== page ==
Whoever weds himself to the spirit of this age will find himself a widower in the next.    —   William Inge

Few realize that Florida was so committed to The War Between the States that she gave more soldiers to repel Northern invaders than she had registered voters. Gainesville was among the towns that responded. As a result, the local United Daughters of the Confederacy (UDC) chapter erected a statue of an ordinary infantryman in honor of the hometown boys who had fallen, including many buried anonymously far from home. When erected in 1904 most of the living veterans were in their sixties and seventies. In May 2017 the county commissioners voted to remove the monument, which had become known to most residents during the previous 113 years as Old Joe.

After the vote one audience member raised her hand to ask a question. The Chair recognized Nansea Markham who is President of the local UDC chapter. She asked, “What will you do with the memorial?”

The county attorney explained that the statue would be sold at auction if it was worth over $2,000. Otherwise Joe would be scrapped.

Nansea stood and held an old document at shoulder height before saying, “I’m sorry. You cannot do that.” Motioning with the papers she added, “This is the original 1903 document pertinent to Old Joe’s legal status. It shows that he remains the property of the United Daughters of the Confederacy.”

The commissioners held an impromptu conference as the audience looked on. Afterward the Chair announced that the commission would give the UDC sixty days to accept the return of Old Joe. He added that if the offer was accepted the UDC would be responsible for all moving expenses and must complete the move within sixty days of acceptance. One commissioner that voted to remove the statue had previously announced that he would not allow the county to spend a single dime to move the memorial. He would rather it be destroyed.

Although Nansea was relieved for one last chance to save Old Joe her chapter had less than $1,000 in the bank. Given the security requirements and care required to safely relocate so old a structure, she worried that the task was too difficult. The next morning, however, she began to get supportive phone calls and emails. Many previously silent sympathizers recognized her from earlier Old Joe hearings before the commission and other local organizations during the preceding two years.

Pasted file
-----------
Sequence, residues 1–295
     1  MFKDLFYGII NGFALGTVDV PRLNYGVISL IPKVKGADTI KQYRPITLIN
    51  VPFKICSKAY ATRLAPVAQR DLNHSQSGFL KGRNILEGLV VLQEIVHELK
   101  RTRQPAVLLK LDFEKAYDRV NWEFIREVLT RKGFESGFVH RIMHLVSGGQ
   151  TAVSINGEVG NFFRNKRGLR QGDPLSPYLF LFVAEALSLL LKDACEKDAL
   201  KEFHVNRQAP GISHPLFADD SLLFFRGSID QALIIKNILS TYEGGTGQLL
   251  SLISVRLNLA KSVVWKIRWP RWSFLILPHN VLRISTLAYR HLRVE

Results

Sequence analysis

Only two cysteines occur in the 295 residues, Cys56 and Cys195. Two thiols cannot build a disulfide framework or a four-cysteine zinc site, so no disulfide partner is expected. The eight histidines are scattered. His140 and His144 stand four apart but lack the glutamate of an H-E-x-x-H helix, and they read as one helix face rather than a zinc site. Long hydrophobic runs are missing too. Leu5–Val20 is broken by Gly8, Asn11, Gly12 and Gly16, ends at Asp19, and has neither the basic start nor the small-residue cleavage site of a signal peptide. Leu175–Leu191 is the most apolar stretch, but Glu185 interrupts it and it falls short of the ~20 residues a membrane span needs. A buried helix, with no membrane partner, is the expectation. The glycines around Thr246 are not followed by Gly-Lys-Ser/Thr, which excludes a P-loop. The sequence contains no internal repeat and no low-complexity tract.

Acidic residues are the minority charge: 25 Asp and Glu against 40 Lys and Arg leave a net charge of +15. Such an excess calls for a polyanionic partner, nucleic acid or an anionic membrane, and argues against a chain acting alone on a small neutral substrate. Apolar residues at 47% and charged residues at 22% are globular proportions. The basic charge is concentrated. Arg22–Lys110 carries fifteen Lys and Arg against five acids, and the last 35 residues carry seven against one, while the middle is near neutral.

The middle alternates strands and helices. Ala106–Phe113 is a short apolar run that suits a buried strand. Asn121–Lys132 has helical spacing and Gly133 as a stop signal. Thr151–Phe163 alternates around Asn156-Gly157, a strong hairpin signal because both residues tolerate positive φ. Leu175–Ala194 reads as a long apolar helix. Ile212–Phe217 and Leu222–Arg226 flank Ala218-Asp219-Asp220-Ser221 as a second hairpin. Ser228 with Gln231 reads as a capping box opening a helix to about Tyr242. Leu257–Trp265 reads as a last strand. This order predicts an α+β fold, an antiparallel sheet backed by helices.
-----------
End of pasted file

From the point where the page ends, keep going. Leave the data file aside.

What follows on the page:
One phone call from a Vietnam vet lit a fire in her heart. He explained that the American soldier’s creed requires that a warrior “never leave a fallen comrade.” He told Nansea, “That’s how I see Old Joe’s situation. You are rescuing him. He is a veteran and I cannot leave him fallen on the ground to be scrapped.  I will send a donation.” Realizing that many older Americans now cringe with shame at how they treated returning Vietnam vets in the 1960s and 70s, Nansea reasoned that the same might apply to Old Joe in the years ahead.

Thereafter she took every phone call and replied to every email. Many originated beyond Florida’s borders, including states above the Mason-Dixon Line. She took suggestions such as creating a FaceBook page and a GoFundMe Internet site. But she never directly asked for money. It started arriving anyway. She mobilized the UDC chapter members to send a hand-written “thank you” note to every donor. On July 20, 2017 she notified the county commission: “We [the UDC chapter] accept the Confederate Soldier Statue.”

Her laconic acceptance prompted repeated media inquiries that included national organizations such as The Washington Post and National Public Radio. She took the phone calls but politely declined to be interviewed or quoted. “Why?” asked one NPR reporter. “An interview would add publicity to help you raise the money required to move the statue.”

“That’s true,” said Nansea, “but it might also attract unwanted attention. My job is to get Old Joe safely moved. I don’t want publicity that might trigger vandals.”

By mid-August the Gainesville UDC had raised $30,000 and secured a site for Old Joe on private property near a cemetery that contained the bodies of some Confederate veterans. The county attorney required Nansea to sign a twelve-page agreement that held the UDC chapter liable for any damages caused by Old Joe’s removal. Her group was also responsible for security in the event of interference from protestors.

Unfortunately, violent anti-Joe demonstrators were a genuine threat. They realized that the county government would not protect the memorial. As a result, they eagerly awaited the day of the move when they assumed the media would be present. But Nansea fooled them. In the days leading up to the move she organized theatrics in which volunteers pretended to be dissembling Old Joe but did little actual work. Rain arrived on the true moving day. It was enough to keep the protestors away until the moving crew was ready to drive off.

Although a dubious zeitgeist drove Old Joe from public property, his valor remains intact. The Kirby Smith Chapter of the United Daughters of the Confederacy rescued it.

Philip Leigh

Philip Leigh contributed twenty-four articles to The New York Times Disunion blog, which commemorated the Civil War Sesquicentennial. He is the author of U.S. Grant's Failed Presidency, Southern Reconstruction (2017), Lee’s Lost Dispatch and Other Civil War Controversies (2015), and Trading With the Enemy (2014). Phil has lectured a various Civil War forums, including the 23rd Annual Sarasota Conference of the Civil War Education Association and various Civil War Roundtables. He holds a Bachelor of Science in Electrical Engineering from Florida Institute of Technology and an MBA from Northwestern University.

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